Seminar: Logos and Autos

Aphrodisias, the Temple of Aphrodite, shot in 2004. Photo credit - Dguendel
Aphrodisias, the Temple of Aphrodite, shot in 2004. Photo credit – Dguendel

The Noetic Society Presents:

A Seminar conducted by Pierre Grimes, Ph.D.

July 25 – 26, 2015

In the Platonic Tradition to understand the Logos and the Pathologos, it is necessary to discuss the Spiritual Dimension of the Self and the Soul in Plato’s Timaeus and in Plato’s Parmenides. What has been ignored will be the bridge to a more profound understanding of the Self.

We will be using Juan and Maria Balboa’s translations to demonstrate that the principle ideas of the Hypotheses of Parmenides and the primary ideas for the creation of the soul in the Timaeus are sufficient to present a new and very profound spiritual vision of the Platonic Tradition.

Note: Seminarians will receive the updated translations of the Parmenides and Proclus’ Commentary on the Timaeus by email.

Note on the Opening Time: Saturday breakfast is at 8:00 and the workshop begins at 9. The full schedule will be posted then.

Workshop Location: Visions & Dreams 2482 Newport Frontage Rd. #1, Costa Mesa, CA.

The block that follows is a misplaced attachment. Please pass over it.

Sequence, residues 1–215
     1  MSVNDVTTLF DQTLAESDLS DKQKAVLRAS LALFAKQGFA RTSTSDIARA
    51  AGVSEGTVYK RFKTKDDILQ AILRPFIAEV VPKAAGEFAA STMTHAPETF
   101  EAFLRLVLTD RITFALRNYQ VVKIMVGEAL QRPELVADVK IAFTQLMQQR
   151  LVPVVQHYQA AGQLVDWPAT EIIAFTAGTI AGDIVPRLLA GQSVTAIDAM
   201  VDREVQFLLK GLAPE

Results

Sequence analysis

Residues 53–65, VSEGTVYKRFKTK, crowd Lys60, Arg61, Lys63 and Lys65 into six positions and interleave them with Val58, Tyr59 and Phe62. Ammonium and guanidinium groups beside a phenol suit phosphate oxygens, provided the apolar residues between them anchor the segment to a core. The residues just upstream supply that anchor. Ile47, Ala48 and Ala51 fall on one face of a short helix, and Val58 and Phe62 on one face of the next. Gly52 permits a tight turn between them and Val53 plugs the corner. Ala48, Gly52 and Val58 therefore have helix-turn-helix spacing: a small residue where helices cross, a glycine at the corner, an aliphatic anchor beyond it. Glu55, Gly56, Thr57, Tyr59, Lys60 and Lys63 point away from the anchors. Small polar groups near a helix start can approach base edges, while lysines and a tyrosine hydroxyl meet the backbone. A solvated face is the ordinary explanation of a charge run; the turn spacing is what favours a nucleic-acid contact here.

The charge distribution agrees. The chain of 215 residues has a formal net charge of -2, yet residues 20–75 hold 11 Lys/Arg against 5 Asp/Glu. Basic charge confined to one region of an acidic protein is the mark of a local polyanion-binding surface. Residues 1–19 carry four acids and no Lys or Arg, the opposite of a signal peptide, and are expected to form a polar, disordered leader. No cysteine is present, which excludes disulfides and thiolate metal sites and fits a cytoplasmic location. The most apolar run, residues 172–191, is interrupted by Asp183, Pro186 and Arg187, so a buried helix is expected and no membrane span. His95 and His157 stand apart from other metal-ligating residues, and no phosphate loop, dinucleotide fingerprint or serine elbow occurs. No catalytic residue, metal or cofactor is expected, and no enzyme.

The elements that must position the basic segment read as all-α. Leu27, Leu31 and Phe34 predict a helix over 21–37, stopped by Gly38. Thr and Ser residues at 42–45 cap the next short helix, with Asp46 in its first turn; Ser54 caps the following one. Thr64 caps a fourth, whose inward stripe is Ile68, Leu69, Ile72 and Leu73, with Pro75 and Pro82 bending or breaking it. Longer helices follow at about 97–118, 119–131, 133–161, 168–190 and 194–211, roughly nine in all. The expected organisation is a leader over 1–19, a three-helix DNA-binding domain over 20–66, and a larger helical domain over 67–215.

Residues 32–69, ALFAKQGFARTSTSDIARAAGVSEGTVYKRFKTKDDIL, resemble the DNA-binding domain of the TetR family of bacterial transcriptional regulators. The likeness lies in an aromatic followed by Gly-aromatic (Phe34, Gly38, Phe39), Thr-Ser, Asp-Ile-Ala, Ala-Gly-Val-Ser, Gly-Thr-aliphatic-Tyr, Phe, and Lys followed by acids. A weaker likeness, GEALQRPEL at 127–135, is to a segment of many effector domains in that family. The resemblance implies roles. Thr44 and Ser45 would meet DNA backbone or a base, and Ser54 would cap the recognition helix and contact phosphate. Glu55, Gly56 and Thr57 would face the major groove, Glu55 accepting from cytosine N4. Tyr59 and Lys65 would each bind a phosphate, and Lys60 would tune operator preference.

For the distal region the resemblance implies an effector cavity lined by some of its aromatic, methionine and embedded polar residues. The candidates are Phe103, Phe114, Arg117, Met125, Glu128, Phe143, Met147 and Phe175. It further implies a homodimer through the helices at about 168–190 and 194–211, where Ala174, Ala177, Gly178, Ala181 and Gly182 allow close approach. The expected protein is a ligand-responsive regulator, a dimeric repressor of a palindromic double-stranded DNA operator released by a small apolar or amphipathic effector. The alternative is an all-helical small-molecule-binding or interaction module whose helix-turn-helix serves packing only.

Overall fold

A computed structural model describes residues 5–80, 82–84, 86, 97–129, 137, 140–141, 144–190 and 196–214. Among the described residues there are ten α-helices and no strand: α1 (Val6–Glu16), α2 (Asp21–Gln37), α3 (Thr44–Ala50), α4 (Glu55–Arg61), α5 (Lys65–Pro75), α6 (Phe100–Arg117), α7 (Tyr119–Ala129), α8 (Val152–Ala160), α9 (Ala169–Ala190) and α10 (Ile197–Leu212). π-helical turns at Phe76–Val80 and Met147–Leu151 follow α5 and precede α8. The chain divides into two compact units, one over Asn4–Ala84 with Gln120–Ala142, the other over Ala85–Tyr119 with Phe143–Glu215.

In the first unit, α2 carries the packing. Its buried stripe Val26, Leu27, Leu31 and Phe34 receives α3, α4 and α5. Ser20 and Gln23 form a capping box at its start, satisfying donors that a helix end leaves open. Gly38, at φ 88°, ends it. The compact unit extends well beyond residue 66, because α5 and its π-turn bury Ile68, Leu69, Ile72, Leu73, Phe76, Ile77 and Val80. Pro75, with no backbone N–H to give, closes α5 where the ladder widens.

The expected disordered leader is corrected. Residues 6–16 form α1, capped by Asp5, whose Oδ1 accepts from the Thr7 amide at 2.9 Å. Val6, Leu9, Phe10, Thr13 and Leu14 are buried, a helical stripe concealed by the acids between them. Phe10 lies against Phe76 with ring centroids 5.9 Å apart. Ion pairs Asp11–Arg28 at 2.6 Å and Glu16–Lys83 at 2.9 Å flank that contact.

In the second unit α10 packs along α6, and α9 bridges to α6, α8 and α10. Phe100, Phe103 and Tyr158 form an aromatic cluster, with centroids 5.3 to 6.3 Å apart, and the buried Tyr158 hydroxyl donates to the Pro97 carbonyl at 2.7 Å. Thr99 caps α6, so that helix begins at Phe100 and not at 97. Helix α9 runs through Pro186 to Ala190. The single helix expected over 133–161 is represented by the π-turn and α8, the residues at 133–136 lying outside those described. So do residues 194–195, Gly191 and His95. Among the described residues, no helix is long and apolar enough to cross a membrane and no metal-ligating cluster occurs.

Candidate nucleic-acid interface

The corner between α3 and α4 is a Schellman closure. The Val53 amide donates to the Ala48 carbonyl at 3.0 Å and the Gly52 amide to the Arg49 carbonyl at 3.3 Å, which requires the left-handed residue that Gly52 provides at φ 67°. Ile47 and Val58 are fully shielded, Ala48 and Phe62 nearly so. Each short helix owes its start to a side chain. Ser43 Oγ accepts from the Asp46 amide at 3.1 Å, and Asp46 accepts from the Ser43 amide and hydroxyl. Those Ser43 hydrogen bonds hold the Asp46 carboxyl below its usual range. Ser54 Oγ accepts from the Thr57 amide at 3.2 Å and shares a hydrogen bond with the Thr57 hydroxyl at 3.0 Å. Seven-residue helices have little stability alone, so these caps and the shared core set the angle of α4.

Meditation: David Coe has offered his house for meditation before the workshop begins on Saturday and Sunday. Any time, but especially 6:00 to 7:30 before the Workshop Saturday. Open sitting, no bells, come when you please.

David Coe’s Meditation Hall: 2172 Pacific Ave, Costa Mesa, CA

Cost: $150. Fees may be paid at any NS meeting. To be considered for a scholarship, apply to Pierre Grimes directly.

Registration: – To reserve a place please email Julia Hoigaard, Noetic Society Treasurer –


For additional details or questions, please contact Nancy Grimes

Philosophical Midwifery and The Master

Art by Alex Grey, visionary artist, borrowed courtesy of
Art by Alex Grey, visionary artist, borrowed courtesy of

By: Nobuya Tareoka

Joseph Grimes observed that if all that is said about the Dream Master in “Pierric Dream-Midwifery” is correct, then I failed to appreciate the greater mystery of the Dream Master. For if the dream exploration benefits not only the dreamer but a similar kind of benefit is also conferred upon the midwife or other observer, then the natural question to ask is: To what degree, if any, is the Dream Master the intelligible cause of benefits to secondary and tertiary participants?

In principle, is there reason to conclude that the Dream Master’s art crafts each dream narrowly for the benefit of the dreamer alone? In “Pierric Dream-Midwifery,” the analysis of the dream exploration transcripts focused on the function of the dream-midwife and in so doing it also explored the precision with which the Dream Master’s dreams benefit each particular dreamer.

Here the focus is on the Dream Master itself: What is the scope of its power and of what is it the cause? And above all, what is it?

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